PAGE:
For the most part, when workers get hurt on the job, they know right away. If you pull a muscle or break a bone, you will immediately feel symptoms and experience functional limitations that affect your job performance. You will have no choice but to tell someone and receive help.
However, some of the most dangerous injuries at work may not the obvious right away. When you suffer a traumatic brain injury (TBI), your symptoms may not show up right away. In fact, it could be several days before you notice that there is anything significantly wrong.
While you most likely just want to get back to work after you get hurt on the job, seeking medical evaluation first is important. Failing to see a doctor after you potentially injure your brain could affect your workers’ compensation claim if you need benefits.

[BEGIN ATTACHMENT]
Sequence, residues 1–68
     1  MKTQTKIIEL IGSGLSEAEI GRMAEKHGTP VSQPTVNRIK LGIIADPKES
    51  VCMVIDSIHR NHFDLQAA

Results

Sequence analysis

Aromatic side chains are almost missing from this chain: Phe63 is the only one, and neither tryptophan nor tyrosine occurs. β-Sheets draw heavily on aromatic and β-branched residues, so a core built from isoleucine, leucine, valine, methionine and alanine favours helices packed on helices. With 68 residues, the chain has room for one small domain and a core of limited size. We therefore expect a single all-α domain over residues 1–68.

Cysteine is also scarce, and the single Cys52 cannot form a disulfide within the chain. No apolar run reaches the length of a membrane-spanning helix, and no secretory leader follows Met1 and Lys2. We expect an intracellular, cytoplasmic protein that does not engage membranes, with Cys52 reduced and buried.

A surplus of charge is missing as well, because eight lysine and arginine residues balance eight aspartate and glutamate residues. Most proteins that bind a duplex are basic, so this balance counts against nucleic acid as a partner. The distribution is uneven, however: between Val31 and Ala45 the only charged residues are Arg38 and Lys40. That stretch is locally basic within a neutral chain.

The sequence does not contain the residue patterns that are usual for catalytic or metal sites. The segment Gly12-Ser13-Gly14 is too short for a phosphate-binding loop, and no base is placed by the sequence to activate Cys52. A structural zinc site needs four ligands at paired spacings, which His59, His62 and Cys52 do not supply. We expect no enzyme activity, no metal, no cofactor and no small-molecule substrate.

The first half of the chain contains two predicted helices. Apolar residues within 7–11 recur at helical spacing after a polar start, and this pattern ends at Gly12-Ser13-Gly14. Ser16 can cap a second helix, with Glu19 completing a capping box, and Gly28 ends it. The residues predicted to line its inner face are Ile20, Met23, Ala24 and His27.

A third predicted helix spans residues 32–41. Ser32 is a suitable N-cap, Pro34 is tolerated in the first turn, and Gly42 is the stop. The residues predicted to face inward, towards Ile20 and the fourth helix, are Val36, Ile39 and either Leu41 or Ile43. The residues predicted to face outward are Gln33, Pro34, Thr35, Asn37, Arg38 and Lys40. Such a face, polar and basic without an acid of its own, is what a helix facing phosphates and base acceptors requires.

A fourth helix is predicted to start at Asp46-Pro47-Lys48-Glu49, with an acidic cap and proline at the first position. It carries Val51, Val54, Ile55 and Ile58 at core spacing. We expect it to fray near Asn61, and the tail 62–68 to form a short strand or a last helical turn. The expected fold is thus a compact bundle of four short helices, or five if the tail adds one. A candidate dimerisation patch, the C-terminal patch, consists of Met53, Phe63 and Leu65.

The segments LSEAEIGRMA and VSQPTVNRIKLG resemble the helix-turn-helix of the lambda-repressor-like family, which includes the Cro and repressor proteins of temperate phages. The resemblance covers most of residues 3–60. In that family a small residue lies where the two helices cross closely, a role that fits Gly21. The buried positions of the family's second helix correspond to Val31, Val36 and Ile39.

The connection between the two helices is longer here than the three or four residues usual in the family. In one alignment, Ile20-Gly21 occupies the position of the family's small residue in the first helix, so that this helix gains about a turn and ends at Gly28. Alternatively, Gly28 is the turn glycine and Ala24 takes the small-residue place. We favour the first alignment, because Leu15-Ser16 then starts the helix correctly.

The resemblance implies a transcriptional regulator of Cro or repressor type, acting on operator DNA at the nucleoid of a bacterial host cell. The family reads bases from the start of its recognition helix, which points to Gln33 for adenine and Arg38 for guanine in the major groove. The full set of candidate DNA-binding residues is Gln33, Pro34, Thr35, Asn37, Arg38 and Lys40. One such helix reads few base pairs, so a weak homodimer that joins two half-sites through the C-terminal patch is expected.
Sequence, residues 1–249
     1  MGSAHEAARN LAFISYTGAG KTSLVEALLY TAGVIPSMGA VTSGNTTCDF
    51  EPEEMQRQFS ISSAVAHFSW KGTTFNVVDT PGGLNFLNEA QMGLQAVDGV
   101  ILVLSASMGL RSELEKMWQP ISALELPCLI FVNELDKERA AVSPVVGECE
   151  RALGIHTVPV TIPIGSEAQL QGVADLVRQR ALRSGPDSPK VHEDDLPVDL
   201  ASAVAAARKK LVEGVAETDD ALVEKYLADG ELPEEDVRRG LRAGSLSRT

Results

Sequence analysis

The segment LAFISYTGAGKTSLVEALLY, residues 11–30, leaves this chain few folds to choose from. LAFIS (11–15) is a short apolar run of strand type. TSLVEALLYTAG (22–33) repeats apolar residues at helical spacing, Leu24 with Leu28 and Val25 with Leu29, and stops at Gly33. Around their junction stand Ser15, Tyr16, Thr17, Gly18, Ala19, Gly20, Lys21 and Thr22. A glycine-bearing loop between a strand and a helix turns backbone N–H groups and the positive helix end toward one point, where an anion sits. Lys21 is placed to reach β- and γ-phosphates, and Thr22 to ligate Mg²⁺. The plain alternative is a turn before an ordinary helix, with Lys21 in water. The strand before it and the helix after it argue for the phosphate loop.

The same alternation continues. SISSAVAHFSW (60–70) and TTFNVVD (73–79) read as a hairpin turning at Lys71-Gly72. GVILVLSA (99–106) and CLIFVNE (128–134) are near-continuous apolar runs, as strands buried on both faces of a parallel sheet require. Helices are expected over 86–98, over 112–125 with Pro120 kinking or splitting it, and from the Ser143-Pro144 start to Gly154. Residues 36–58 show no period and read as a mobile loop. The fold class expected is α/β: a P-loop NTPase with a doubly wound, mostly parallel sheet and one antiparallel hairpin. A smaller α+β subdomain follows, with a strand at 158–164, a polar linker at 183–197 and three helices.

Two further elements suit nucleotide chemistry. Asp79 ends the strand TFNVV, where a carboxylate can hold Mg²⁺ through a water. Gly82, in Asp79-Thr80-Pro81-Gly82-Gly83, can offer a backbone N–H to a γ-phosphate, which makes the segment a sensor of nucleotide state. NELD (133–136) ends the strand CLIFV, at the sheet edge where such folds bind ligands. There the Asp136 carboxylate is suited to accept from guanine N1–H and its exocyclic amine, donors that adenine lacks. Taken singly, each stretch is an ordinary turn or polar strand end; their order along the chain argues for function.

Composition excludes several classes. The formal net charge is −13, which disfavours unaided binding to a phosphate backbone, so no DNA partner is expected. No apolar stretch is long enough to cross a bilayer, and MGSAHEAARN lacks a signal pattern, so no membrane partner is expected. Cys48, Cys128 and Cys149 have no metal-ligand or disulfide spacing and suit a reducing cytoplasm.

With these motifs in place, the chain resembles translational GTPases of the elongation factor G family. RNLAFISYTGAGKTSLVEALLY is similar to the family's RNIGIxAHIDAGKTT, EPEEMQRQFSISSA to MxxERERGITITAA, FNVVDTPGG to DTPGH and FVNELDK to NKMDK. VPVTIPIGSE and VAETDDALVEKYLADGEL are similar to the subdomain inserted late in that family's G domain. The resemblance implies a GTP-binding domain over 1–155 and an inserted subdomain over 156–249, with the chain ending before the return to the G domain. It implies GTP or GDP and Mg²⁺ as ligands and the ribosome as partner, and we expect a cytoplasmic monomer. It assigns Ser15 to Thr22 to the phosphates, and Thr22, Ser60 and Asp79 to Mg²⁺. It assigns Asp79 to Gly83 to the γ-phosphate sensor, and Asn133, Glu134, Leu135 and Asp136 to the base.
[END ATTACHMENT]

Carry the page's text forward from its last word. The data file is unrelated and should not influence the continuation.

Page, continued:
Unreported injuries make claims more difficult
Even if you feel like you don’t need to see a doctor, you should still let your manager or supervisor know if you hit your head on the job. The lack of immediate symptoms does not mean you have escaped unharmed.
If you notice a persistent headache or changes in your sleep a few days later, it would be much easier for you to connect your symptoms to your employment if you have reported the incident to your employer beforehand. The good news is that typically, even if symptoms take several days to develop, you will still be within the legal window to report your workplace incident and qualify for benefits.
How do you connect the injury to your job?
Without an incident report made the day that you got hurt, you may need a little extra evidence to get workers’ compensation benefits for a job-related TBI.
You might need to talk to co-workers who witnessed the incident or ask for copies of workplace security footage. Making detailed personal notes about your experience and your symptoms as they crop up can also help you document your experience.
Any workers’ compensation claim with complicating factors will require extra attention to detail and effort. Having the right support while claiming benefits for a brain injury will allow you to focus on your recovery rather than on your claim.